Last year was a pretty decent year for stocks, all told.

The FTSE 100 was up about 12% over the year: the best performance in three years. The AIM market was up 8%.

And I think that made it easier to find growth stocks. Several of the shares I wrote about last year performed well.

Aim listed Ixico, which is developing neuro-imaging technology for Alzheimer’s’, is up 211% since I wrote about it.

Space stock Maxar won a few big contracts with NASA: pushing the shares up 93%.

Bitcoin had a wild year, rocketing on news of projects by Facebook and China, before collapsing again.

Still Bitcoin is up 106% since I recommended buying in January. Ethereum is up 37%.

There were several clangers. Microbiome play Synlogic has fallen 60%. Applied Graphene Materials (still a good punt, in my opinion) is down 35%.

And there was one company that failed spectacularly.

Shares of resTORbio (NASDAQ: TORC) plunged more than 90% after the failure of one its headline drugs in phase 3 trials.

The company is developing a class of molecules that inhibit a pathway in our cells that has been called “target of rapamycin” (TOR).

By blocking TOR pathways, the company believes it can boost the immune system’s ability to fight infection and even stall some of the effects of aging.

And the early signs were promising. In Phase 2 trials last year, the percentage of patients that experienced a respiratory infection was reduced by more than 30%.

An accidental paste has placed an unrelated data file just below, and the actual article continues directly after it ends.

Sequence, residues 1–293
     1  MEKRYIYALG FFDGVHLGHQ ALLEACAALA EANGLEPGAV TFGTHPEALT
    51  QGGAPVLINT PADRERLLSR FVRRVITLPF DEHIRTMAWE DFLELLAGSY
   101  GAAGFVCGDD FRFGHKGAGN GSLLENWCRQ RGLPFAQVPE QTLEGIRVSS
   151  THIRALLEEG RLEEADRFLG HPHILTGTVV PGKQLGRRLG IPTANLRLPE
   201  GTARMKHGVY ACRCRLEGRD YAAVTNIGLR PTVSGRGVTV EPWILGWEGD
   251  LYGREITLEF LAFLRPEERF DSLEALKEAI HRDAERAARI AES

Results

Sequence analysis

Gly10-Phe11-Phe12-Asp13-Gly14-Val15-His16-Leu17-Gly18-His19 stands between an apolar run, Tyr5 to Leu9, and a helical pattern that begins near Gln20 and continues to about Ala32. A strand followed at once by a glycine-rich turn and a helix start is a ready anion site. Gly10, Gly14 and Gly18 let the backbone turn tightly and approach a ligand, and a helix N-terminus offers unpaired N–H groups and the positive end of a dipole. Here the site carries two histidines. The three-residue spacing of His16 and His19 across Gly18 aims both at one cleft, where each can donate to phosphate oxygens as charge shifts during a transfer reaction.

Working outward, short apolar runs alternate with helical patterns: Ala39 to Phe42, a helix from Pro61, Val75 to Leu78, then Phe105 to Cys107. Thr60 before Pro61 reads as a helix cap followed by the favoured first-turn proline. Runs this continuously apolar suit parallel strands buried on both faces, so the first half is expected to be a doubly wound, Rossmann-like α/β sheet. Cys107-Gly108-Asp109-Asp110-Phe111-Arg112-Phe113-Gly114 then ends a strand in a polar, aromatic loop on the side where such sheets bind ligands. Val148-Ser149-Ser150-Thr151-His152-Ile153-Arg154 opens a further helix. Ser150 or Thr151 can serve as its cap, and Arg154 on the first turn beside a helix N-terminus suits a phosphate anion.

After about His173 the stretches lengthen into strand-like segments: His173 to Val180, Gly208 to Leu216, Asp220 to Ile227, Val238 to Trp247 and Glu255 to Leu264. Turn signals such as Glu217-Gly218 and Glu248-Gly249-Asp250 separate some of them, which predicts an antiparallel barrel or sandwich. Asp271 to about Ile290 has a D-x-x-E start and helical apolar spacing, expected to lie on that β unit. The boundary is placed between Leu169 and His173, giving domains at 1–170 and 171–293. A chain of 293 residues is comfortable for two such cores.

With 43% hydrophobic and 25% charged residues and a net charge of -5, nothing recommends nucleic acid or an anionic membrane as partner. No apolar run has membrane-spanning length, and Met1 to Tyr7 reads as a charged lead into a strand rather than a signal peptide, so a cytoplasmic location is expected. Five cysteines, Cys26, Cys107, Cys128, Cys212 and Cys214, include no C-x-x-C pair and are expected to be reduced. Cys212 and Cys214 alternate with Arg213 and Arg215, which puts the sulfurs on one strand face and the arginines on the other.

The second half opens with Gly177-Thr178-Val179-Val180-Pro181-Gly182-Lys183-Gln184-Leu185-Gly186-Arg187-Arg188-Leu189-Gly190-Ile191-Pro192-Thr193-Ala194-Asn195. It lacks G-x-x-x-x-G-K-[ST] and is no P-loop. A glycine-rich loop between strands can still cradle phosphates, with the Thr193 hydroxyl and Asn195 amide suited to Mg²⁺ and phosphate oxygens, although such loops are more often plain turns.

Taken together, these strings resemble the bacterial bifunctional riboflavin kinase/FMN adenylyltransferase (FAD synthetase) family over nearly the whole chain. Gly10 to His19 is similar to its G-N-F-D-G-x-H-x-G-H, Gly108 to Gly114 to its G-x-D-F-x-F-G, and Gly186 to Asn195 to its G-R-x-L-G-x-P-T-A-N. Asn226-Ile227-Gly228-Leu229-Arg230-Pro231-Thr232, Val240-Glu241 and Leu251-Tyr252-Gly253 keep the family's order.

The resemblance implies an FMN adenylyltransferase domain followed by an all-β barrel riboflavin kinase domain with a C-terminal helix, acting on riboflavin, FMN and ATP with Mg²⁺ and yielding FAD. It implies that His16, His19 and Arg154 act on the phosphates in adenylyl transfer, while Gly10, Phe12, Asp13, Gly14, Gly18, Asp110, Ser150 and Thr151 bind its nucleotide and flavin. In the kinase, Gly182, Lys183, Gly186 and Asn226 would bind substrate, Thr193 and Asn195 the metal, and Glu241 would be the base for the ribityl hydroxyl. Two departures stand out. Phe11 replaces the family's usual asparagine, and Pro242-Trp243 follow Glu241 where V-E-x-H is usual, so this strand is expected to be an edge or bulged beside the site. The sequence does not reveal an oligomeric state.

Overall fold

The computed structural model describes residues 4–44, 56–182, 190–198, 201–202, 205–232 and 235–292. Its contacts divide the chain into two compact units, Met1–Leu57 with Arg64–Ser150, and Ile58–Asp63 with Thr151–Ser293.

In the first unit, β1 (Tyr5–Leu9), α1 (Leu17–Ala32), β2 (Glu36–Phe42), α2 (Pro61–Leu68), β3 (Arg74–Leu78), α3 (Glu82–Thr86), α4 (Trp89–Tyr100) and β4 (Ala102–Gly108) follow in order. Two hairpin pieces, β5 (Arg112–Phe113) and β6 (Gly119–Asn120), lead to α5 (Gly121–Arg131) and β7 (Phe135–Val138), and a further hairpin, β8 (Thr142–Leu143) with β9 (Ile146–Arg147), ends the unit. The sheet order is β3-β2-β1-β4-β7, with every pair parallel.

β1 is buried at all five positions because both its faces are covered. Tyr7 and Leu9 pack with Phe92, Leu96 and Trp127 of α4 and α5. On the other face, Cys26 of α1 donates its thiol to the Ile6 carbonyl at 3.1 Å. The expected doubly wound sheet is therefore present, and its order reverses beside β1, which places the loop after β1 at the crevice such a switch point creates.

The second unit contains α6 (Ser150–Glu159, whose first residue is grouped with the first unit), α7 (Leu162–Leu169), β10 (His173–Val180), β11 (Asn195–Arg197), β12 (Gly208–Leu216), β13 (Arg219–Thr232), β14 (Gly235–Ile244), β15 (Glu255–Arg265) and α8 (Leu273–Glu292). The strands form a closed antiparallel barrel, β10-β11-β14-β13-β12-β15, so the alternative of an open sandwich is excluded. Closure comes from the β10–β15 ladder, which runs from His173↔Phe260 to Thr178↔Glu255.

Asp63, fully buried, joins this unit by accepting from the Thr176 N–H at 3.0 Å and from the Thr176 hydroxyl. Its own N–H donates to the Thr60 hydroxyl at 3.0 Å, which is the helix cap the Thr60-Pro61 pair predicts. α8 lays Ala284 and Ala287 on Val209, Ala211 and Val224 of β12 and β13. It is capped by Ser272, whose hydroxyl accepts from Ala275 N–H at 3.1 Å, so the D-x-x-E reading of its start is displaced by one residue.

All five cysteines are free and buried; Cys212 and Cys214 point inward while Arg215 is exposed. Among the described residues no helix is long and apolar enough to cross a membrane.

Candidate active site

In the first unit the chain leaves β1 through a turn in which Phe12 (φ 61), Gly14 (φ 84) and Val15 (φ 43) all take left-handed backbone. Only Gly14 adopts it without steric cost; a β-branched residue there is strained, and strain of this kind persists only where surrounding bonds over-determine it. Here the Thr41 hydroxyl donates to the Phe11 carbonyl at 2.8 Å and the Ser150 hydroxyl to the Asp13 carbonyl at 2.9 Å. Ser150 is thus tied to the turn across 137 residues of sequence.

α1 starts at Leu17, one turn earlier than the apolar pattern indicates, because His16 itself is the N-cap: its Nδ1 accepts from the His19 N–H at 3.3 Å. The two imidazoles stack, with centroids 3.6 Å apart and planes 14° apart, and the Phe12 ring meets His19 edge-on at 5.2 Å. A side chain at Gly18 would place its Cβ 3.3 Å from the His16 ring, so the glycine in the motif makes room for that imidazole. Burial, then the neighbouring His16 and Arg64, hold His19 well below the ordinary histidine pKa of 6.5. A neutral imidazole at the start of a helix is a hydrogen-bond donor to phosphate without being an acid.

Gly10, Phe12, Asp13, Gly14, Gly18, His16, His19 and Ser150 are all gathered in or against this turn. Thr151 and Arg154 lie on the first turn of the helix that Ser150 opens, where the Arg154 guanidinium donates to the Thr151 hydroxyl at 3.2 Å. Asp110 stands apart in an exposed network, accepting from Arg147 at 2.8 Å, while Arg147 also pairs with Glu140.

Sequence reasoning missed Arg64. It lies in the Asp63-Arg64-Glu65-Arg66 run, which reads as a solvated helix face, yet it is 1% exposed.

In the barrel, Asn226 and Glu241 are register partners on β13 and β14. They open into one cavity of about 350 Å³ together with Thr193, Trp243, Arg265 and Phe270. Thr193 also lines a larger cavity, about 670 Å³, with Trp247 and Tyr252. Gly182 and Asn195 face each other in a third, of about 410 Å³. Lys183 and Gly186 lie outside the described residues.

But in a Phase 3 study of more than 1,000 patients aged 65 and over, the drug was shown to perform about as well as a placebo.

And the stock went into a nosedive.

The company is now stopping further development of the compound for lung infections in elderly patients and it’s hard to see how the share will recover any time soon.

As I said at the time: “If the drugs are FDA approved the share will explode. But this is an enormously complex process with the vast majority of biotech drugs running aground during human testing. So this is a very high risk punt on two very promising drugs.”

I guess that story hasn’t worked out.

And it highlights the difficulties of translating results from animals into human trials.

Rapamycin had been found to reduce age-related bone loss cardiac aging and chronic inflammation in mice.  In trials, rapamycin radically extended the lives of flies worms and rodents. Feed it to mice and they live on average 25% longer.

But human biology is another thing altogether. We still have a very poor understanding of how our cells, genes and biological pathways work, and perhaps I should be more cautious about signalling the potential of breakthroughs in the field of anti-aging: which remains as stubborn a problem as ever.

That said, there are several fields of scientific research that look very promising as we head into 2020.

And there will be plenty more growth stocks and opportunities to pick up on, even if the current stock market rally doesn’t continue.

Theme 1: Alzheimer’s

2020 certainly look like it coud be a good year for Aim-listed Ixico (IXI).  The company is focused on neurological diseases including Alzheimer’s and other forms of dementia.

Ixico’s expertise is in neuroimaging using MRI or PET scans. Their technology detects changes in different parts of the brain over time allowing scientists to see whether their potential new drugs are having an effect on the disease they’re interested in and ensuring that potential new therapies are safe and effective.

The company reported a pretax profit of £366,000 for the year to the end of September compared to a £793,000 loss a year prior, as revenue grew by 40% on the back for a series of new orders.